An attorney representing his employer-client calls Immigration and Customs Enforcement (ICE) to inquire about the plaintiff’s immigration status. Is that potentially retaliation under the employment laws? If it is, can the attorney be sued personally for it? According to the Ninth Circuit, the answer is yes on both counts, and the Supreme Court may have the final say on such a scenario.
For those of you who are tempted to stop reading because you aren’t a lawyer (and may not care if your lawyer can be sued)—not so fast. If a non-employer can be sued personally for retaliation, this could have broad application to HR professionals, accountants, private investigators, or other consultants.
Jose Arias sued his former employer, Angelo Dairy, for violation of wage-and-hour laws under the California Labor Code. Dairy hired an attorney, Anthony Raimondo, to defend the case. In 2011 as the trial date approached, Raimondo contacted ICE to see about Arias’s immigration status (which apparently was potentially problematic for Arias). This led to Raimondo having multiple communications with ICE about potentially taking Arias into custody. Additionally, it led to disqualification of Arias’ legal counsel, the California Rural Legal Assistance group, which was barred by statute from representing undocumented aliens. A month before trial, Arias agreed to settle the case “due in substantial part to the threat of deportation created by [Raimondo’s] communications with ICE.” Raimondo had apparently contacted ICE on previous occasions related to other employees who asserted workplace rights against his clients.
After settling his wage and hour suit, Arias then filed a retaliation case against Dairy, as well as Raimondo personally. Arias alleged that Raimondo’s call to ICE was retaliation under the FLSA and intentional infliction of emotional distress.
District Court: The Attorney Is Not an Employer and Cannot Be Sued
The preliminary issue was whether Arias could sue Raimondo for FLSA retaliation when Raimondo was not Arias’ employer. The FLSA’s anti-retaliation statute makes it unlawful for “any person” to “discharge or in any other manner discriminate against any employee because such employee has . . . instituted any proceeding under” the FLSA. The Act defines “employer” to include “any person acting directly or indirectly in the interest of an employer in relation to an employee…”
Arias settled and dismissed his retaliation claims against Dairy, but not against Raimondo personally. The District Court dismissed Arias’ complaint against Raimondo, finding that an aggrieved employee can only sue his or her employer under the FLSA and that the FLSA’s provisions referred to an employer-employee relationship. The District Court found that Raimondo never acted “directly or indirectly in the interest of the employer” in employment matters. In coming to this conclusion, the District Court considered “the total employment situation and economic realities of the work relationship.” Arias appealed, and the Ninth Circuit reversed.
Ninth Circuit: The FLSA’s Anti-Retaliation Section Is Broader than Just the Employer-Employee Relationship
On appeal, the Ninth Circuit reversed, explaining that the FLSA provisions for wage-and-hour violations and retaliation claims “are as different as chalk is from cheese.” While the employer umbrella for wage-and-hour claims looks to the economic realities test, when a plaintiff alleges a retaliation claim it “is a different animal altogether.” As the court expressed:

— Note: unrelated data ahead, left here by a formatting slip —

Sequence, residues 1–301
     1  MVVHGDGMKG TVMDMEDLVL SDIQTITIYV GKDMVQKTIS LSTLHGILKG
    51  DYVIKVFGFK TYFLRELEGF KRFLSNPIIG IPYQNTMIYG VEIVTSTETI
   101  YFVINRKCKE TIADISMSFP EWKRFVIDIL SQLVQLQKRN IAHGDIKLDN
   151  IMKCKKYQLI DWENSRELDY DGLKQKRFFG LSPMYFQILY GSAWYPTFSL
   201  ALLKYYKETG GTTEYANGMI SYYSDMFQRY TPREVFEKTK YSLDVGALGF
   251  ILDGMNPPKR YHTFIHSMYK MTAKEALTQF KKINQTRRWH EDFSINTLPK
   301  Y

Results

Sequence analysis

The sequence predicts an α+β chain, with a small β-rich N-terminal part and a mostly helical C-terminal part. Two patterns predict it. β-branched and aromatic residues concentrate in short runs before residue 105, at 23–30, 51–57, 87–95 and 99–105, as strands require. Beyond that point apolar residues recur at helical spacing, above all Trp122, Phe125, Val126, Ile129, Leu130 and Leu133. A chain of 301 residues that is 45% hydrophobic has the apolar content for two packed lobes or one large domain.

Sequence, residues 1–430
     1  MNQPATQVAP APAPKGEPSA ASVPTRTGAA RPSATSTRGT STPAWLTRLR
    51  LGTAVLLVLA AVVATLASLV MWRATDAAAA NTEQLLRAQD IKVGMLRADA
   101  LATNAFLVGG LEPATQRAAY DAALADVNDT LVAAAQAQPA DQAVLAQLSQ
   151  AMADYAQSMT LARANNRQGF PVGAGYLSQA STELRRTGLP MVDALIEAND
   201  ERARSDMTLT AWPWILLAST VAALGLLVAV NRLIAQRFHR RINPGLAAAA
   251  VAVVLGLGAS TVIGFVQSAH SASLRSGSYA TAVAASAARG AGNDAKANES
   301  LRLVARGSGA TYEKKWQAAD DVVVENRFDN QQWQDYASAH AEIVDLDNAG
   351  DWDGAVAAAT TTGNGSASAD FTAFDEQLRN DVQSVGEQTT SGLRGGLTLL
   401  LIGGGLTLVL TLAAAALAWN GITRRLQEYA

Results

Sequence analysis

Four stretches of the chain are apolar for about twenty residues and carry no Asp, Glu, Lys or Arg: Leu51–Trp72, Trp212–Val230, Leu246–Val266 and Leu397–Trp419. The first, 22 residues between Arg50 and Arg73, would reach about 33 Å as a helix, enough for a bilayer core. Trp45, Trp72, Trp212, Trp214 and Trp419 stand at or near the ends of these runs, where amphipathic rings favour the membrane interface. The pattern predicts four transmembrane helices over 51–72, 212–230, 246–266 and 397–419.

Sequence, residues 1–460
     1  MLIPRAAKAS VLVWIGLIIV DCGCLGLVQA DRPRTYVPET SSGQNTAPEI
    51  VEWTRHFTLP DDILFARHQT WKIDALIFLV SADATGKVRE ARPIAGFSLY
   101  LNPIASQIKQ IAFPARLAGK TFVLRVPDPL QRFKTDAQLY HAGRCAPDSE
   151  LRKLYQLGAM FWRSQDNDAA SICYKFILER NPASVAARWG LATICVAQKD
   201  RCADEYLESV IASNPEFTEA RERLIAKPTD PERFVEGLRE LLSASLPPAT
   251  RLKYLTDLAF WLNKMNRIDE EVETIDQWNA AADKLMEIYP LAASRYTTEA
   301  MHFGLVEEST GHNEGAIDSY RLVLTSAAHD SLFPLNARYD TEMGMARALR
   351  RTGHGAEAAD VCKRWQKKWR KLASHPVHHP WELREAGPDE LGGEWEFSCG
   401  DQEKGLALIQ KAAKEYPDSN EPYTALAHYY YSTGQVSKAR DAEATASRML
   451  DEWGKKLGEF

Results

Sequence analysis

This distinctive purpose [of the anti-retaliation provision] is not served by importing an “economic control” or an “economic realities” test as a line of demarcation into the issue of who may be held liable for retaliation. To the contrary, the FLSA itself recognizes this sensible distinction…. by prohibiting “any person”—not just an actual employer—from engaging in retaliatory conduct. By contrast, the FLSA’s primary wage and hour obligations are unambiguously imposed only on an employee’s de facto “employer,” as that term is defined in the statute. Treating “any person” who was not a worker’s actual employer as primarily responsible for wage and hour violations would be nonsensical.
The appellate court also seemed disturbed by Raimondo’s “underhanded plan to derail Arias’ lawsuit” and history of reporting employee-claimants to ICE.
Attorney Asks the Supreme Court to Decide
Raimondo did not take kindly to the Ninth’s Circuit’s opinion, and on October 31, 2017, filed a petition for a writ of certiorari, essentially asking the U.S. Supreme Court to hear the case. Raimondo contended that the Ninth Circuit’s conclusion flouted prior precedent on the FLSA’s definition of employer. The petition noted that the majority of circuits use the economic realities test to determine who is an employer, and do not differentiate between a wage-and-hour versus a retaliation-based claim.
If the Ninth Circuit opinion stands, it could have far-reaching consequences for the relationships among employers, their attorneys, and others who could be dissuaded from representing employers or from pursuing certain strategies where they could become potential defendants in FLSA retaliation cases. As Raimondo’s petition tries to illustrate, not just attorneys, but also accountants, HR personnel, and even a gardener, could become defendants for playing some role in an adverse action if ICE has been contacted. An attorney may have legitimate, non-retaliatory reasons for asking ICE about an immigration status, but the ruling may chill attorneys from representing employers and hamper employers’ efforts to secure counsel. We will see if the Supreme Court makes a final determination on this significant issue, but the Ninth Circuit’s decision creates the platform for an individual (attorney or otherwise) who is not the employer and does not control the employer to be sued for retaliation under the FLSA.